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Idiom

Head Over Heels (in Love): Origin and Meaning

Meaning
To be completely in love with someone. Often the full phrase is “to fall head over heels in love” – to suddenly fall deeply in love.
Origin
Head over heels (in love)In the 14th Century this phrase was written as “heels over head”, literally describing when someone might fall over and end up with the heels of their feet above their head. By the 1800s, the phrase had become “head over heels” and changed to mean someone very much in love. For example, in 1834 the book “A Narrative of The Life of David Crockett” was published, in which was written “I soon found myself head over heels in love with this girl.”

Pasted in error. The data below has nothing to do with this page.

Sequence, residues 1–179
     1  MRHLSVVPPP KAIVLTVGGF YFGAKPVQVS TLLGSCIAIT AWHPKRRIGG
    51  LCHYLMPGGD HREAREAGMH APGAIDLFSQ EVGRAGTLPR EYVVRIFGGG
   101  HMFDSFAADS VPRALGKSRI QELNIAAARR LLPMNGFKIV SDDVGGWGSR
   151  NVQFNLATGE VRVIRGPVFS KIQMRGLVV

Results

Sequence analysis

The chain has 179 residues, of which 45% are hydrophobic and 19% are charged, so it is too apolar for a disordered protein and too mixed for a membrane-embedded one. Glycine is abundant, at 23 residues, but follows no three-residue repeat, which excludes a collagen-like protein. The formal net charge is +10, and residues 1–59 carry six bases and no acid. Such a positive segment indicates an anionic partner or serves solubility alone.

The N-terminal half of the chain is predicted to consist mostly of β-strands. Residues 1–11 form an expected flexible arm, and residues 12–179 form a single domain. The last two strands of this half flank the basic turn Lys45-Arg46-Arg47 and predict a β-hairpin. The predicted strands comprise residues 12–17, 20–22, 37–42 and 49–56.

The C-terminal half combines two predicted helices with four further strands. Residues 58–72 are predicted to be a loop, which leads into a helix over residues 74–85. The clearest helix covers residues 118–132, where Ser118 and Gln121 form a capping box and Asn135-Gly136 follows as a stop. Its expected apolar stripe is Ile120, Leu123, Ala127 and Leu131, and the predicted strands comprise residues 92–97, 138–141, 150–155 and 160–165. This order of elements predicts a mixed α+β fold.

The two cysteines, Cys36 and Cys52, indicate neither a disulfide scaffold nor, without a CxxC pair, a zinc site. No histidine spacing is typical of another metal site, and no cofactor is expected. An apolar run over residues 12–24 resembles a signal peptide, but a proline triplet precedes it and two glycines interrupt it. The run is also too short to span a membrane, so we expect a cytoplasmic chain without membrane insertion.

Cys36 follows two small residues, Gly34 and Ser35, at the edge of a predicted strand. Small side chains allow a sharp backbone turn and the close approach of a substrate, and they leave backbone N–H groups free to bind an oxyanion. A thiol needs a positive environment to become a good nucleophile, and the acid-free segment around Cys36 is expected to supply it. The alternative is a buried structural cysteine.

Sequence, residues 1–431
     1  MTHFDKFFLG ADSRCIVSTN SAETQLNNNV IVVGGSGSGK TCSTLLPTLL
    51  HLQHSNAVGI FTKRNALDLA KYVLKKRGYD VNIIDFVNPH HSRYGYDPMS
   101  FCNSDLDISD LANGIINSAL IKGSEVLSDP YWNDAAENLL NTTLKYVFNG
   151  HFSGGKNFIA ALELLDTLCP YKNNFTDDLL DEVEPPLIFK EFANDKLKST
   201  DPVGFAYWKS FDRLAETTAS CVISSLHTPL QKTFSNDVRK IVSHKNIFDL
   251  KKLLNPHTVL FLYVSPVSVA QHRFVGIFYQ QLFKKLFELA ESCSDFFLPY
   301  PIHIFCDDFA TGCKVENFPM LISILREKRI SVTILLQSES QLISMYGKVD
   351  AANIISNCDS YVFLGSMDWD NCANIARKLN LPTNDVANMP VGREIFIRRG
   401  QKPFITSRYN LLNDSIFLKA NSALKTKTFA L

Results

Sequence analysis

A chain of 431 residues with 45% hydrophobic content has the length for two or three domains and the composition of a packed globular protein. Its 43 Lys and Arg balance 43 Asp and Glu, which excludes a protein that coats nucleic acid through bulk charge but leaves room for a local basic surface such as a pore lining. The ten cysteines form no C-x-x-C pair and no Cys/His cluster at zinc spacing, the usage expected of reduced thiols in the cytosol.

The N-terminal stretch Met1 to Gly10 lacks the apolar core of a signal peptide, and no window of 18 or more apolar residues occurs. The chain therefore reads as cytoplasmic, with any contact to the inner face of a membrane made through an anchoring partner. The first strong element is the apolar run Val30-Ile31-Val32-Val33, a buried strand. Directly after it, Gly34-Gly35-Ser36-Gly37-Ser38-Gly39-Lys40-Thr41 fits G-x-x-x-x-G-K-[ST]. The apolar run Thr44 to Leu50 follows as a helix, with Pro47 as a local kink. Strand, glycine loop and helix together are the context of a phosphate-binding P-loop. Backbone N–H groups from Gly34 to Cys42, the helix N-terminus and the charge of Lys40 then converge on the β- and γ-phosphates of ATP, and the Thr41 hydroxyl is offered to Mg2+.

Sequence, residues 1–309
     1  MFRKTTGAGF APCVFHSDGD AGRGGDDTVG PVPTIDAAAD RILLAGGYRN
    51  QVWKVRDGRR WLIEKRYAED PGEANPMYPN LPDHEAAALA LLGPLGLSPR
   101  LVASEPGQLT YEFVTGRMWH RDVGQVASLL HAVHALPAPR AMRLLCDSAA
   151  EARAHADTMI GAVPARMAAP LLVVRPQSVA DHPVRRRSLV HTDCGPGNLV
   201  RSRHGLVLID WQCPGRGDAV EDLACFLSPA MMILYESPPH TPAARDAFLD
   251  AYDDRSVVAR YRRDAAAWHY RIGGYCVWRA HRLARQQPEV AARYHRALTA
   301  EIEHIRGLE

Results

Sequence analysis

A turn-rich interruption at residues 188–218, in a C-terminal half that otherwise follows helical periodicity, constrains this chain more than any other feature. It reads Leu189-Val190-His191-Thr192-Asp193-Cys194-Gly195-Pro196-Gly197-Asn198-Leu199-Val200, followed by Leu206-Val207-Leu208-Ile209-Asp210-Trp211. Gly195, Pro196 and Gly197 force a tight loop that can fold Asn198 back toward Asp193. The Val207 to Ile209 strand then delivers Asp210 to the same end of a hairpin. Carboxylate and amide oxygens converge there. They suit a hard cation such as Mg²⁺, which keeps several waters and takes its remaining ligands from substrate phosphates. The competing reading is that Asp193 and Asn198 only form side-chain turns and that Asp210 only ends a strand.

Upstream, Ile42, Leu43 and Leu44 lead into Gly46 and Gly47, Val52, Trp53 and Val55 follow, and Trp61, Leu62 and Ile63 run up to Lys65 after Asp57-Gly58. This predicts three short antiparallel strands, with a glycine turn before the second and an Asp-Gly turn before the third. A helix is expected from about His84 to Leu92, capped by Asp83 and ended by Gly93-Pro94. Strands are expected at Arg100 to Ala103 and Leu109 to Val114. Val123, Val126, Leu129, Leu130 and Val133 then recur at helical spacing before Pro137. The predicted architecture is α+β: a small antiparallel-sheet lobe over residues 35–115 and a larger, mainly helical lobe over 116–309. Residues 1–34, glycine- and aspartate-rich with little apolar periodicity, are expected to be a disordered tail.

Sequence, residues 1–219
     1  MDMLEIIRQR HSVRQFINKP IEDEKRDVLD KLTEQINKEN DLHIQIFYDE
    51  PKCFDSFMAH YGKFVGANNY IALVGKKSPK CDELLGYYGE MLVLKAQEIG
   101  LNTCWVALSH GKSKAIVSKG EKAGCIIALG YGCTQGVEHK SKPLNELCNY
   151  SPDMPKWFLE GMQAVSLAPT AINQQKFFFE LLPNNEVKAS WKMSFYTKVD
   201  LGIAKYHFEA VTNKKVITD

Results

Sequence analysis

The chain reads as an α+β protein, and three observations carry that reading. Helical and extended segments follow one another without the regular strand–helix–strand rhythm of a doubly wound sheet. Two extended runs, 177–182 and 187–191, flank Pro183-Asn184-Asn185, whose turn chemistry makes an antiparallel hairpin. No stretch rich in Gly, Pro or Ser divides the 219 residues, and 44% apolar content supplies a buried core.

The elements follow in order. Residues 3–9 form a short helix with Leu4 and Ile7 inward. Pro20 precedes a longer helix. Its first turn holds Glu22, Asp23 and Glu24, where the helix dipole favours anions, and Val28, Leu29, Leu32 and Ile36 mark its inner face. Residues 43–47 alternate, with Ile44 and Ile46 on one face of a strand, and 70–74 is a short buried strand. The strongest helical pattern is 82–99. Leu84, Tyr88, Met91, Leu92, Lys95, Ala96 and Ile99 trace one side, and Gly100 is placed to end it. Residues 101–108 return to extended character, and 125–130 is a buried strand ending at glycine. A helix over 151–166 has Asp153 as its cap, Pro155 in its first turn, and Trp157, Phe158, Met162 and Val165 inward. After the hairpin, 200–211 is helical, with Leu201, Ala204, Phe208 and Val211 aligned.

Examples
Rosa: “How did you meet your husband?”
Natalia: “I met him at a party during my first week at university – he was really funny and romantic – I fell head over heels for him.”

When you are head over heels in love the sun shines more brightly and the birds sing more sweetly – the whole world seems more beautiful than ever before.

Sam: “When I was a teenager I had a huge crush on the model Cindy Crawford – my room was covered in posters of her! What about you?”
Emily: “Well, I remember watching Romeo and Juliet and falling head over heels for Leonardo di Caprio – from that moment on I was a big fan of his!”